Pornography But No More OldsmobilesThursday, January 14, 2010
I had admired the writing of Chris Hedges, a former war correspondent (the First Gulf War) for the New York Times so when I saw a book of his at my local Vancouver Public Library (the Oakridge Branch) I grabbed it. It is a fast read which means that the book has just been published and when you take it out you get it for only a week. For every overdue day you pay $1.00.
Fast read, is one thing this book, Empire Of Illusion - The End of Literacy and the Triumph of Spectacle is not. It consists of five chapters which are essays on what is wrong with the United States, and by a most logical extension what is wrong with our Canada.
I finished the second chapter, Illusion of Love last night and it left me shocked and deadened. When the subject is pornography I am a naïve amateur.
My first foray into pornography happened in 1973 when my wife, two small daughters and I drove our VW beetle from Mexico City to San Francisco. While there I decided I needed to see a dirty movie. I had read about Deep Throat. I told Rosemary, “I am off to see a pornographic film called Deep Throat.” She said nothing.
I sat behind two black men who ate popcorn through the whole film. I left with the realization that if I saw too many of these films I would end up impotent. I simply was not into pornography. Deep Throat was the last and first porno movie I ever saw.
In the mid 80s my friend Les Wiseman was writing a rock column, In One Ear for Vancouver Magazine and he used this as a justification to interview ( I went along as the photographer) porn star Marilyn Chambers at the Four Seasons Hotel. The justification had all to do with the fact that Chambers was the lead singer of her own country and western band and it was playing the evening after at the Commodore.
When we left the interview I asked Les, “Do they really do it in the movie. Is it for real?” Les snickered and answered, “What do you think?”
About 10 years later I rang the bell at Les’s coach house pad near City Hall. I was there just for a visit. He let me in and told to sit down in front of a wooden cabinet. He opened the doors to a largish TV set. He pushed a few buttons and I was soon watching a detailed close-up of Marylyn Chambers having sex. He said, as if those 10 years had been only 10 minutes, “You see they really do it.” I did not ask for more details as it bored me and I left it at that.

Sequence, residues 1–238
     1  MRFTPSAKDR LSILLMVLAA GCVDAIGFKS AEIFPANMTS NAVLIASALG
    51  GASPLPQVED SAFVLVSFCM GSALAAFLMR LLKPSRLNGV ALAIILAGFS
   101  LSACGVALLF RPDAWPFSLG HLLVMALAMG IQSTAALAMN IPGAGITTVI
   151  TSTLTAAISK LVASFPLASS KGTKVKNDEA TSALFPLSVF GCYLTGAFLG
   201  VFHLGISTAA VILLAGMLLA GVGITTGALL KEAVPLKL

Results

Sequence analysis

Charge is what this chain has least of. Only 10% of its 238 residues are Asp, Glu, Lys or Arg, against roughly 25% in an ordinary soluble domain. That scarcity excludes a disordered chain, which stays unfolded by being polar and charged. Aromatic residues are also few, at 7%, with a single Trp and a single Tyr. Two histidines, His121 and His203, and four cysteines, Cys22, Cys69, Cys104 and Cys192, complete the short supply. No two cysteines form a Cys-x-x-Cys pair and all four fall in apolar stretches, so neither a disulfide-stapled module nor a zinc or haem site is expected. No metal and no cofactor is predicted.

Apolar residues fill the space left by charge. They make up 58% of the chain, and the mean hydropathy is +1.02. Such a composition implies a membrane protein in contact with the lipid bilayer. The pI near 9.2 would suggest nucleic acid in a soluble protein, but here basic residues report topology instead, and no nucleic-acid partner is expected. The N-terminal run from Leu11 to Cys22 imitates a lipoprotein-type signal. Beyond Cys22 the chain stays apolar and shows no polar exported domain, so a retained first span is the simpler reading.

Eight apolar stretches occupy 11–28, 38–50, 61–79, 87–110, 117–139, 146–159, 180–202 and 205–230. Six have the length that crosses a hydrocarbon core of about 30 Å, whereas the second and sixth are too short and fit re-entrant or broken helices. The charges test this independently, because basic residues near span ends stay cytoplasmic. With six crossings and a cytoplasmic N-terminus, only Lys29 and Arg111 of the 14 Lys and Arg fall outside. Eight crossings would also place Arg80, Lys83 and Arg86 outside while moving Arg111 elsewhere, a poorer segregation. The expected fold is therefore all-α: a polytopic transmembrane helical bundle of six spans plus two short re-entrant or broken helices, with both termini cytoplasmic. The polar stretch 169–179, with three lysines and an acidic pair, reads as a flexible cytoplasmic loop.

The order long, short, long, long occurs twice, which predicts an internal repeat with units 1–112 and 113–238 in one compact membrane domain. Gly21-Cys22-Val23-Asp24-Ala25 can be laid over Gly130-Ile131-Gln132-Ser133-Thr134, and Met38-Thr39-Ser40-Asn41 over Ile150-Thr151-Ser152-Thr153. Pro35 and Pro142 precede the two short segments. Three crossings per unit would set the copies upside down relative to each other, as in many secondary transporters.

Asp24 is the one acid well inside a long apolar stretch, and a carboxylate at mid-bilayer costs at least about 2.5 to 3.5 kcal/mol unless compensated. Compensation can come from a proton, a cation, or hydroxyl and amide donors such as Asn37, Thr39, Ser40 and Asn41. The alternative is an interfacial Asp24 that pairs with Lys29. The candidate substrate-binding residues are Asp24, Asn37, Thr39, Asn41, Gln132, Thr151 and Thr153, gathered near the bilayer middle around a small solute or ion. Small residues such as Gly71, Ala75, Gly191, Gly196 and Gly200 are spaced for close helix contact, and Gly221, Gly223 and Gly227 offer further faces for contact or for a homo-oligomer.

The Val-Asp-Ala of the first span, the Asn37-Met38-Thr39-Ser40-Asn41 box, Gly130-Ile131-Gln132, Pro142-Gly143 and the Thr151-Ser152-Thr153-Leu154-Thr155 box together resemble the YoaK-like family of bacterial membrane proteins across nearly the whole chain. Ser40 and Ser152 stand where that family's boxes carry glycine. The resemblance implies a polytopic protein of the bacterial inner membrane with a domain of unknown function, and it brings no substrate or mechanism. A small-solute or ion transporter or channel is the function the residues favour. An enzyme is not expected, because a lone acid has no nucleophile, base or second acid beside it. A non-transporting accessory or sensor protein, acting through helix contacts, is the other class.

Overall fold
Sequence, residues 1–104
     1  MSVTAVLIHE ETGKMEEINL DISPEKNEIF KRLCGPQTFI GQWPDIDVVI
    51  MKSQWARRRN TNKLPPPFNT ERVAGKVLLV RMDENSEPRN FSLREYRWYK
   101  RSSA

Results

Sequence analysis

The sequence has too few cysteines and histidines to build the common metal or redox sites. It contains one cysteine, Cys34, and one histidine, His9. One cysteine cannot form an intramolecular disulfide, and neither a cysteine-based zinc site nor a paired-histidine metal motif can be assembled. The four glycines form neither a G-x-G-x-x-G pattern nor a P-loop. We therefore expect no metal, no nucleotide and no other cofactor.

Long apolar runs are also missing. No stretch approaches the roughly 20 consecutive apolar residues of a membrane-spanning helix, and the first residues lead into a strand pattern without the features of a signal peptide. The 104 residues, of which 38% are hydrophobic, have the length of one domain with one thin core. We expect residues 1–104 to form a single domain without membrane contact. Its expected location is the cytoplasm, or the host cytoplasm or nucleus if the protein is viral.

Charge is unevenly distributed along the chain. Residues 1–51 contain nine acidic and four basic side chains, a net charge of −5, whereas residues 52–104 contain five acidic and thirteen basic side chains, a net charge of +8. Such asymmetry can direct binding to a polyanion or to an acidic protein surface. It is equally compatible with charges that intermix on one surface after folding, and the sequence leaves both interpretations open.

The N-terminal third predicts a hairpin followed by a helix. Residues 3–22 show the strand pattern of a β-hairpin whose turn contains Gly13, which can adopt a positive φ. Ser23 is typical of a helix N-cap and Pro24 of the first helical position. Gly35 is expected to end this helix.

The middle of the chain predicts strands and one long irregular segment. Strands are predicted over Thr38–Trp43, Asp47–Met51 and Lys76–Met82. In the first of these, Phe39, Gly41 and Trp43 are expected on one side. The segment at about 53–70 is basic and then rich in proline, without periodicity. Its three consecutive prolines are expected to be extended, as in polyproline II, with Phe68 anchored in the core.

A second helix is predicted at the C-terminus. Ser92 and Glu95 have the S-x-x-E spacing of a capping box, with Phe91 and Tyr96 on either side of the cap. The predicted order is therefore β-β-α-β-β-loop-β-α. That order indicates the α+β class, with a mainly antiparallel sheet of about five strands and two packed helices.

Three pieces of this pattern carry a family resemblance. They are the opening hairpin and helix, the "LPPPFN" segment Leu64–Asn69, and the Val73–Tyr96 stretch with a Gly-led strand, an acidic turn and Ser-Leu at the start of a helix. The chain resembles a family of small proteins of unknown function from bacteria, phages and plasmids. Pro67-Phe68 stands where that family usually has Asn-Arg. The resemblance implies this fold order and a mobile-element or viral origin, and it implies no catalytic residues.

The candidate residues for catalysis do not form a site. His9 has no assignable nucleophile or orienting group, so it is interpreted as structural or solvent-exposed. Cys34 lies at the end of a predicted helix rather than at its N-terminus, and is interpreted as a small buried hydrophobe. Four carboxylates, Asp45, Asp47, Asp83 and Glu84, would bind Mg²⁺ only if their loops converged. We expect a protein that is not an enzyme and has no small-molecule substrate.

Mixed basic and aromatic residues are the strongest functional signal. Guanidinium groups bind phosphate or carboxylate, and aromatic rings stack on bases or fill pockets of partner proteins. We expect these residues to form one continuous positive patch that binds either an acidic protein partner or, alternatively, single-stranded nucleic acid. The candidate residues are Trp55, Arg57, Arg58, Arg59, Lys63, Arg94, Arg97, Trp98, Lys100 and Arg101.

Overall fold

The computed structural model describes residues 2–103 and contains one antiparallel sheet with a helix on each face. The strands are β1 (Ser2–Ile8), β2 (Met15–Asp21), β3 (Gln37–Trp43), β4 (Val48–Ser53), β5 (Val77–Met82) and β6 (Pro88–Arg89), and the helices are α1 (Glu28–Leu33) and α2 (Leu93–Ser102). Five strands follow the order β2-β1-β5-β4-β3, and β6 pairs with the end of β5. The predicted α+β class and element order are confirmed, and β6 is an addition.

A friend of mine, a very good local female photographer decided to try her fortune in Los Angeles. A couple of years later she had a really well paying job which consisted of finding good motels and locations for porn films. I was shocked and a bit disappointed in my friend.
Hedges’ chapter on pornography is so incredibly brutal that I could not believe what I was reading. His descriptions on what these more recent films include and how it affects the health and the well-being of the women involved are all shocking. The fact that after all kinds of multiple penetrations by dozens of men within a few hours, one of the men will grab the woman and drag her to a toilet. He will then plunge her head into the toilet bowl and flush it (it's called a swirlie) was, paradoxically the tamest of what I read and the only description I will put here.
Then I was hit by the statistics. Here they are:
There are 13,000 porn films made every year in the United States, most in the San Fernando Valley in California. According to the Internet Filter Review, worldwide porn revenues, including in-room movies at hotels, sex clubs, and the ever-expanding e-sex world, topped $97 billion in 2006. That is more than the revenues of Microsoft, Google, Amazon, eBay, Yahoo!, Apple, Netflix, and EarthLink combined. Annual sales in the United States are estimated at $10 billion or higher. There is no precise monitoring of the porn industry. And porn is lucrative to some of the nation’s largest corporations. General Motors owns DIRECTV, which distributes more than 40 million streams of porn into American homes every month. AT&T Broadband and Comcast Cable are currently the biggest American companies accommodating porn users with the Hot Network, Adult Pay Per View, and similarly themed services. AT& T and GM rake in approximately 80 percent of all porn dollars spent by consumers.
Empire of Illusion, Chris Hedges, 2009
I felt compelled to write about pornography when I had a phone conversation with a Vancouver colleague, Hans Sipma. I was telling him that the latest art craze at Emily Carr University of Art And Design is the Super 8 movie. Sipma sent me a YouTube link (it is no longer there now) to a Super 8 movie he happened to take in 1982 when he was working in a studio for Eaton's on Robson and Granville (in the very building where I had my studio until this past September). It features a street demonstration headed by then city counselor and religious minister Bernice Gerard. The demonstration was protesting the screening of Caligula in a conventional (not a porn establishment) movie house on Granville.
I guess that had I seen Gerard then I would have thought her some sort of a fringe nut. Now as I listen to her talk to Sipma’s camera she seems to make sense.
My photographic grab shots, taken in the early 80s, of stripper and nude performance (streaking in baseball and football games) artist, Annie Ample, somehow promoting a non-smoking campaign and with the odd participation of the Penthouse’s Joe Philliponi seem to be quaint and innocent. The shots are almost laughable. Where those times (in comparison to the hell Hedges writes about) really that innocent?